Loewner's torus inequality

Charles Loewner in 1963

In differential geometry, Loewner's torus inequality is an inequality due to Charles Loewner. It relates the systole and the area of an arbitrary Riemannian metric on the 2-torus.

Statement

Shortest loop on a torus

In 1949 Charles Loewner proved that every metric on the 2-torus $\mathbb T^2$ satisfies the optimal inequality

$\operatorname{sys}^2 \leq \frac{2}{\sqrt{3}} \;\operatorname{area}(\mathbb T^2),$

where "sys" is its systole, i.e. least length of a noncontractible loop. The constant appearing on the right hand side is the Hermite constant $\gamma_2$ in dimension 2, so that Loewner's torus inequality can be rewritten as

$\operatorname{sys}^2 \leq \gamma_2\;\operatorname{area}(\mathbb T^2).$

The inequality was first mentioned in the literature in Pu (1952).

Case of equality

The boundary case of equality is attained if and only if the metric is flat and homothetic to the so-called equilateral torus, i.e. torus whose group of deck transformations is precisely the hexagonal lattice spanned by the cube roots of unity in $\mathbb C$.

Alternative formulation

Given a doubly periodic metric on $\mathbb R^2$ (e.g. an imbedding in $\mathbb R^3$ which is invariant by a $\mathbb Z^2$ isometric action), there is a nonzero element $g\in \mathbb Z^2$ and a point $p\in \mathbb R^2$ such that $\operatorname{dist}(p, g.p)^2 \leq \frac{2}{\sqrt{3}} \operatorname{area} (F)$, where $F$ is a fundamental domain for the action, while $\operatorname{dist}$ is the Riemannian distance, namely least length of a path joining $p$ and $g . p$.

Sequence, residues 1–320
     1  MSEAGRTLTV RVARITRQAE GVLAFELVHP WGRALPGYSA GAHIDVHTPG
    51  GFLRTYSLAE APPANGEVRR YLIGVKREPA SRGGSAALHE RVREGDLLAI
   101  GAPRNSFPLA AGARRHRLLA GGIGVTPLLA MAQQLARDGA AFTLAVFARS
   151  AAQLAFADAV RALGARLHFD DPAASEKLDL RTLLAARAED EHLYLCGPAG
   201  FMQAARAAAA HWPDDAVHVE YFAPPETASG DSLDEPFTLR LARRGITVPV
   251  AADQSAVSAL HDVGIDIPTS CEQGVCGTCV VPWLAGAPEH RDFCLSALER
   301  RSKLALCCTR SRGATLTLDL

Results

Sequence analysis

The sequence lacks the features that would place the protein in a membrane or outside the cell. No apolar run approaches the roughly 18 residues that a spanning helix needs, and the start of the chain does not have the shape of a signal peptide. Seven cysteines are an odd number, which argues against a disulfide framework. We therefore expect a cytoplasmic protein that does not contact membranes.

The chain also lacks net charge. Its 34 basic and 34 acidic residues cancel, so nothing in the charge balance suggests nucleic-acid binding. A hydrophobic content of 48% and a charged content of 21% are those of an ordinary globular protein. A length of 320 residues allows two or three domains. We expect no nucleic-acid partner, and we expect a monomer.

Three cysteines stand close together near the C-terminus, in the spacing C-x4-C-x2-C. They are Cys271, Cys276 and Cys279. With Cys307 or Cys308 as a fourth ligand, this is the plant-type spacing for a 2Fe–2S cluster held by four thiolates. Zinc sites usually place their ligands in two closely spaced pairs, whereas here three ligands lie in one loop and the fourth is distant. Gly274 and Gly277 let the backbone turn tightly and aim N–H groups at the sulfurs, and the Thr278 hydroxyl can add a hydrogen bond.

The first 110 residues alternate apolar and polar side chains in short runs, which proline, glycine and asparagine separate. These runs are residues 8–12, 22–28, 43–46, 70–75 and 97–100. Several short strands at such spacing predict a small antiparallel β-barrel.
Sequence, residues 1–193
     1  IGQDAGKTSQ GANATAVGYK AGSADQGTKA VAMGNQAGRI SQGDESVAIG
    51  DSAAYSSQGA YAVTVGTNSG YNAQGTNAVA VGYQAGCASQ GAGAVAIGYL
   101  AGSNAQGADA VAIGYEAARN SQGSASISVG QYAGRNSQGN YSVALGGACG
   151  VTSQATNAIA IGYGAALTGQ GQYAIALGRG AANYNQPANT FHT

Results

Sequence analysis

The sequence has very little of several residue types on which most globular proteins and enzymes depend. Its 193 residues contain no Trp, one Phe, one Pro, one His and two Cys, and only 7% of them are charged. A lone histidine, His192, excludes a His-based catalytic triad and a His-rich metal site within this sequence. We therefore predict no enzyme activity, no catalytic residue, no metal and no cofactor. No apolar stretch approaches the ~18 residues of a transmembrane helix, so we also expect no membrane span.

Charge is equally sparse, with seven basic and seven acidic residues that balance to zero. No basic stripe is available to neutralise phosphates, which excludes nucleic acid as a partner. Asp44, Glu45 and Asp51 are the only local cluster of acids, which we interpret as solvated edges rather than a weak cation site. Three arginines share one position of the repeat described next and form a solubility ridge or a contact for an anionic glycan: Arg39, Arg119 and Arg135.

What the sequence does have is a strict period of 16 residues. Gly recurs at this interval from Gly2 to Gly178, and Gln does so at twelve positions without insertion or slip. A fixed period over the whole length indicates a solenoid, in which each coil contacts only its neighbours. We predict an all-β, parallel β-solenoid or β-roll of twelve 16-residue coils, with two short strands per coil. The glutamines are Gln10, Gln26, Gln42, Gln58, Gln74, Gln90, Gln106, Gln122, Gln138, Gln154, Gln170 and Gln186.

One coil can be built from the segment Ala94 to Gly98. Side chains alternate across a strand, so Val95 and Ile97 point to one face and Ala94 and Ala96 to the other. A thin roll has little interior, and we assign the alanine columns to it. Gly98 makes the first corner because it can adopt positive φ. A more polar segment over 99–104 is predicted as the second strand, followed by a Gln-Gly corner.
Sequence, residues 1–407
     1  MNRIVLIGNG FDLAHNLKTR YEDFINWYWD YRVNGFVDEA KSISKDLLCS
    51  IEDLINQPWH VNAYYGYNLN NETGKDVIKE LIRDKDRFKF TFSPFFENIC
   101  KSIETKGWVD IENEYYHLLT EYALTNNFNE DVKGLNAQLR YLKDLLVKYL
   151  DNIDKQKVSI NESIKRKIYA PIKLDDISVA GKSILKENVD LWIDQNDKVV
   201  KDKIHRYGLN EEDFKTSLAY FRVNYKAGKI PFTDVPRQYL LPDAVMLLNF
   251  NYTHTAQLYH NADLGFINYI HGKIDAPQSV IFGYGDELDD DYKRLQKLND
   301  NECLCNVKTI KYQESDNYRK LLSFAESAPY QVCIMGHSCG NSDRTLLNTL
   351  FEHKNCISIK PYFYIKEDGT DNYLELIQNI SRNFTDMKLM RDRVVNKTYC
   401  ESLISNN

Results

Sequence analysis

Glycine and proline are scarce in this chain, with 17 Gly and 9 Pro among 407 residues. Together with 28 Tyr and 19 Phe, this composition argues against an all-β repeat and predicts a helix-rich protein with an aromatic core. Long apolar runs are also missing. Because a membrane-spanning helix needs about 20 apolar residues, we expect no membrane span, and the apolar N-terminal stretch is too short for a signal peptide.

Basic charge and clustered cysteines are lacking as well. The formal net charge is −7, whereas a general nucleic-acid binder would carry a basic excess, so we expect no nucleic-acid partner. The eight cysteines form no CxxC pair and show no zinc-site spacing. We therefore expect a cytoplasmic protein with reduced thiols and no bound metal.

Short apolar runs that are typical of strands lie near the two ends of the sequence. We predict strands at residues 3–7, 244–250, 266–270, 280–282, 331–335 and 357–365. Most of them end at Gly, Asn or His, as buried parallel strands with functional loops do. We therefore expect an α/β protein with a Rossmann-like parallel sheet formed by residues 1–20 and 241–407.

Proof of Loewner's torus inequality

Loewner's torus inequality can be proved most easily by using the computational formula for the variance,

$E(X^2)-(E(X))^2=\mathrm{var}(X).\,$

Namely, the formula is applied to the probability measure defined by the measure of the unit area flat torus in the conformal class of the given torus. For the random variable X, one takes the conformal factor of the given metric with respect to the flat one. Then the expected value E(X 2) of X 2 expresses the total area of the given metric. Meanwhile, the expected value E(X) of X can be related to the systole by using Fubini's theorem. The variance of X can then be thought of as the isosystolic defect, analogous to the isoperimetric defect of Bonnesen's inequality. This approach therefore produces the following version of Loewner's torus inequality with isosystolic defect:

$\mathrm{area}-\frac{\sqrt{3}}{2}(\mathrm{sys})^2\geq \mathrm{var}(f),$

where ƒ is the conformal factor of the metric with respect to a unit area flat metric in its conformal class.

Higher genus

Whether or not the inequality

$(\mathrm{sys})^2 \leq \gamma_2\,\mathrm{area}$

is satisfied by all surfaces of nonpositive Euler characteristic is unknown. For orientable surfaces of genus 2 and genus 20 and above, the answer is affirmative, see work by Katz and Sabourau below.